# About $F(u) = \int_{-\pi/2}^{+\pi/2} \ln(g(x) + u) dx$

We know for $$u > 1$$ $$\int_{-\pi/2}^{+\pi/2} \ln(\sin(x) + u) dx = \pi \left(\ln\left(u + \sqrt{u^2 -1}\right) - \ln(2)\right)$$

Usually this is shown by using differentiation under the Integral sign or contour integration.

Consider the log-transform

For a given real continuous function $$F(u)$$ find a real continuous function $$g(x)$$ that only depends on $$x$$ ( not on $$u$$ ) such that

$$F(u) = \int_{-\pi/2}^{+\pi/2} \ln(g(x) + u) dx$$

So

$$\mathcal{L}(F(u)) = g(u)$$

Where $$\mathcal{L}$$ stands for “ log-transform “.

For instance $$\mathcal{L}\left[ \pi \left(\ln\left(u + \sqrt{u^2 -1}\right) - \ln(2)\right) \right] = \sin(u).$$

Notice that in this case $$\sin(2u),\sin(3u),\sin(4u),...$$ and $$\sin(-u),\sin(-2u),\sin(-3u),\sin(-4u),...$$ are also solutions ! Perhaps uniqueness comes from functions that are strictly increasing ? ( $$\mathcal{L} ... = exp(u)$$? )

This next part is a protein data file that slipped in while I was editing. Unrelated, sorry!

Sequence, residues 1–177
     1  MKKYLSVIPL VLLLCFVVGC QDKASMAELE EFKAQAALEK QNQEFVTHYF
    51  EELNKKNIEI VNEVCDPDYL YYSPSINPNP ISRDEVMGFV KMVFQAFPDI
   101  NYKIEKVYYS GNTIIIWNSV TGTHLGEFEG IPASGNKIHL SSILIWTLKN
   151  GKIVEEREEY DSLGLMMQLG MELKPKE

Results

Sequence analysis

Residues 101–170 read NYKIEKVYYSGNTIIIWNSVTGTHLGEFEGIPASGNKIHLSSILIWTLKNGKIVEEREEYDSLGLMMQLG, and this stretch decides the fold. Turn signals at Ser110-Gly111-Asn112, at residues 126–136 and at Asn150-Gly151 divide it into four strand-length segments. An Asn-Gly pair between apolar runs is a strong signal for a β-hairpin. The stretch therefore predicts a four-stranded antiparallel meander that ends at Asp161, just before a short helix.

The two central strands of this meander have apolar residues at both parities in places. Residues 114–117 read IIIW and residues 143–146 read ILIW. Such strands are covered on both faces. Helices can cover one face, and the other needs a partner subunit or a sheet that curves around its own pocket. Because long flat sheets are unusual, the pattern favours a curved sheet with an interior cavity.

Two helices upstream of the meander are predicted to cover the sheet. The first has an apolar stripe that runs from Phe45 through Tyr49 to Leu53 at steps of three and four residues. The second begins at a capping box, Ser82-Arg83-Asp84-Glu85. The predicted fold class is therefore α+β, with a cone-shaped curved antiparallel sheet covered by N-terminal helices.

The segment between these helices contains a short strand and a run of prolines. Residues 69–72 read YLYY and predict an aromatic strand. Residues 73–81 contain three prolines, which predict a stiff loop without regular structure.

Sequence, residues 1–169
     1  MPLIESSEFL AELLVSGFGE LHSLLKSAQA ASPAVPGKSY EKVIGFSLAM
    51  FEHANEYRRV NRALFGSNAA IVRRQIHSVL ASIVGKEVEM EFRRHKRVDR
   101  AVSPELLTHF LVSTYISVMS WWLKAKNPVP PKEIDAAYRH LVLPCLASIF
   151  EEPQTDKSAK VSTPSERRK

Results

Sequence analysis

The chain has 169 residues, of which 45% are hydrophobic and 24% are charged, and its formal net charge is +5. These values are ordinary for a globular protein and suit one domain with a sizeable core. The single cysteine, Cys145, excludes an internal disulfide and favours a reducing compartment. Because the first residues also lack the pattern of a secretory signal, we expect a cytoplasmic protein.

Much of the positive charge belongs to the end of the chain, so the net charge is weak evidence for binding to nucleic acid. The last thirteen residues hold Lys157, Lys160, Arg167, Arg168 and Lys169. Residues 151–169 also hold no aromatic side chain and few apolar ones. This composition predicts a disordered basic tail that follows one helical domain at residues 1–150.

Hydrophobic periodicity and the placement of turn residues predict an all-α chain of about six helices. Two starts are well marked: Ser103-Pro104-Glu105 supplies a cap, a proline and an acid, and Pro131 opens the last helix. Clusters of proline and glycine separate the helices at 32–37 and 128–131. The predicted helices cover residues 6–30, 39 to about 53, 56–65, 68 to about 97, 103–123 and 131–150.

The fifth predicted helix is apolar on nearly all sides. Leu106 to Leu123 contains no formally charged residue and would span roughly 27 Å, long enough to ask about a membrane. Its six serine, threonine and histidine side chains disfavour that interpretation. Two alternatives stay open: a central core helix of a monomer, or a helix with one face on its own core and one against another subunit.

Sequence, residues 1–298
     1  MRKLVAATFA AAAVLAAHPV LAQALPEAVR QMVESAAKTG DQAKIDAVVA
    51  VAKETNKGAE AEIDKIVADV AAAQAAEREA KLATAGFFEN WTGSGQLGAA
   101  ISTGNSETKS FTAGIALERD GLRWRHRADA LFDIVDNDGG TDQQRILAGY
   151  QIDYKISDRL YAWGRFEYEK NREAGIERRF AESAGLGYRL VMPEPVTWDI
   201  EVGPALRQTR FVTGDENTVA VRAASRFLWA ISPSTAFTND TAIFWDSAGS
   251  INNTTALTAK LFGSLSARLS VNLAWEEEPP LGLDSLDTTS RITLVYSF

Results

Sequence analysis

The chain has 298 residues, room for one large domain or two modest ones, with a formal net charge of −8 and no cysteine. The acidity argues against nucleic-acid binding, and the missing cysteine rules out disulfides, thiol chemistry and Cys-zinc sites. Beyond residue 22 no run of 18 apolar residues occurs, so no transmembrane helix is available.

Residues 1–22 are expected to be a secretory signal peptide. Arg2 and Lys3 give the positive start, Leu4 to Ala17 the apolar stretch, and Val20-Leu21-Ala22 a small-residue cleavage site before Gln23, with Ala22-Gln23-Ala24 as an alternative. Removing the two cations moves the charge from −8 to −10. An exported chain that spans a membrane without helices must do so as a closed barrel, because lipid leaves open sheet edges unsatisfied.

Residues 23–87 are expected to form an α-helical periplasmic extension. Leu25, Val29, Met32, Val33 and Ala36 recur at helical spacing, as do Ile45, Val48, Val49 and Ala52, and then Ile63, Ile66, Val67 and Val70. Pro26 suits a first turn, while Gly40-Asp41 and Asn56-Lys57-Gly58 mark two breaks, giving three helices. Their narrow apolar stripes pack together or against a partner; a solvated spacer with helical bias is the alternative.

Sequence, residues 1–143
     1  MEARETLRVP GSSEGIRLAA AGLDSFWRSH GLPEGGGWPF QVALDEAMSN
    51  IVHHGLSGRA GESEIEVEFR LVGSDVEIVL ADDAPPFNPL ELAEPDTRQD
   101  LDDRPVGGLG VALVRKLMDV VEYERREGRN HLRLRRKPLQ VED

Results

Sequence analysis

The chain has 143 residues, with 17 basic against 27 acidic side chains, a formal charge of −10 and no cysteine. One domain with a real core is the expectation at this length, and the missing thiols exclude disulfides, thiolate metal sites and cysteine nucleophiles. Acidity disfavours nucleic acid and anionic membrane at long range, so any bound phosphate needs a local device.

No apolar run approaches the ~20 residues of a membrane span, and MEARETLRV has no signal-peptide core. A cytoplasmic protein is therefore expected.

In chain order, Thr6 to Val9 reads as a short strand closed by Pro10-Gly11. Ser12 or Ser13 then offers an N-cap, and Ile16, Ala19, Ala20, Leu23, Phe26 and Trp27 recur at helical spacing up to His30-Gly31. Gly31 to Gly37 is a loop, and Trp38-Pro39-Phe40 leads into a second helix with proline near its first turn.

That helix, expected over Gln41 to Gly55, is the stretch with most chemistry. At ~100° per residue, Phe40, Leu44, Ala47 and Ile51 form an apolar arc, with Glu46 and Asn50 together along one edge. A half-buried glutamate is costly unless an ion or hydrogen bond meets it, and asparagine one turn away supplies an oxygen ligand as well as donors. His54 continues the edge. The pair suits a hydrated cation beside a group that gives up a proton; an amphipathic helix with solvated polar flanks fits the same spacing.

What is known about these (inverse) integral transforms ?

Is there an Integral representation for them ?

• Pardon my ignorance, when you say 'log-transform' do you mean to take the log of the function? (Just want to be 100% clear before I give this a go). Btw - Great question. – user150203 Nov 28 '18 at 23:25
• No log is taken DavidG. Just a name. Thanks – mick Nov 29 '18 at 14:49
• Thanks for the clarification. Wanted to be sure before I proceeded. – user150203 Nov 29 '18 at 23:12